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HOWARD LINDSEY v. STATE OF MISSISSIPPI
¶1. On July 23, 2015, a Covington County jury found Howard Lindsey guilty of two counts of gratification of lust and two counts of sexual battery. On appeal, Lindsey argues that the jury's verdict is contrary to the overwhelming weight of the evidence. Finding no issue with the verdict, we affirm Lindsey's convictions and sentences.
FACTS & PROCEDURAL HISTORY
¶2. This case involves a total of four alleged sexual offenses committed by Howard Lindsey against two minor female victims. On January 13, 2015, Lindsey was indicted for one count of gratification of lust and one count of sexual battery against his granddaughter M.L, as well as one count of gratification of lust and one count of sexual battery against M.L.'s cousin T.P.1 The alleged offenses against M.L. occurred “during and about 2013 through and about 2014,” and the alleged offenses against T.P. occurred “during and about December 2013.” At the time of these offenses, M.L. was between eleven and twelve years old, and T.P. was fourteen years old.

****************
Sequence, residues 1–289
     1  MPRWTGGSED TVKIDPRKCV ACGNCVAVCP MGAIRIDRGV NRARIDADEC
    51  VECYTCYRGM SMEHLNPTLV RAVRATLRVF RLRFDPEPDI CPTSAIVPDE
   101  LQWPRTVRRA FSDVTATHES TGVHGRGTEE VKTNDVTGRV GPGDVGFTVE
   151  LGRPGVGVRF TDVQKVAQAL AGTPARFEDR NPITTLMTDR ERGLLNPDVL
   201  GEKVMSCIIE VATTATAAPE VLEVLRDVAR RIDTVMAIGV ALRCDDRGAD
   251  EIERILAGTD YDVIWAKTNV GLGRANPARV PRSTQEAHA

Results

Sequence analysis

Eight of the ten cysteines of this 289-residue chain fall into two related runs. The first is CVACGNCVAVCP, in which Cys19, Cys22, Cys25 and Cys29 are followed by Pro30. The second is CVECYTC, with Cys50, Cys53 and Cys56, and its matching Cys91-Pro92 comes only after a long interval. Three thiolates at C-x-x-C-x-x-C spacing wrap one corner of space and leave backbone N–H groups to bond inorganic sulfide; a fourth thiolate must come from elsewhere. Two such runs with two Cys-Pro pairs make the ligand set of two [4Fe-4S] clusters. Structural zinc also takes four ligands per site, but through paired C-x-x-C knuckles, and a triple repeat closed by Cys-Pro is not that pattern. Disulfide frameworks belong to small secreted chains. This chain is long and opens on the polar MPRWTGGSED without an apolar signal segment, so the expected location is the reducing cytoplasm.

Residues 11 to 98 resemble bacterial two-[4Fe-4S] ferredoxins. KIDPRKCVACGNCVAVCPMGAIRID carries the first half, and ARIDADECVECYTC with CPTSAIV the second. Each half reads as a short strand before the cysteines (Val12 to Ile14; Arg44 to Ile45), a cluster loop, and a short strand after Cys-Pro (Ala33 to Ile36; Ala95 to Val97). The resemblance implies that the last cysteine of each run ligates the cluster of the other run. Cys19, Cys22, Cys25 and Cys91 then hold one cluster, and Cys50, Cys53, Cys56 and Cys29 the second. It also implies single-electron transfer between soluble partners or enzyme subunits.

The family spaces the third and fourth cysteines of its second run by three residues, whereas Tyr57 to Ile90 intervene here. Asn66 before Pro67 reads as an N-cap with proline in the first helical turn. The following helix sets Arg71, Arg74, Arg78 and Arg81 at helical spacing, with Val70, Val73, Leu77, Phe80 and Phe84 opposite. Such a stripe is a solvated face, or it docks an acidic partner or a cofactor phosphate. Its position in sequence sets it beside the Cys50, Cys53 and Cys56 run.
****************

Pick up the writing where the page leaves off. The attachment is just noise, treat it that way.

¶3. Lindsey's trial commenced on July 22, 2015. M.L. and T.P. were the State's only witnesses. By the time of trial, M.L. was thirteen years old, and T.P. was fifteen years old. Lindsey called three witnesses in his defense: M.L.'s older brother Antiquez Lindsey, M.L.'s uncle Sedrick Lindsey, and M.L.'s cousin Sedrianna Lindsey. At the conclusion of trial, the jury returned a verdict finding Lindsey guilty on all counts. After the trial court denied his post-trial motions, Lindsey filed a timely notice of appeal with this Court. Lindsey's sole issue on appeal is whether the jury's verdict is against the overwhelming weight of the evidence.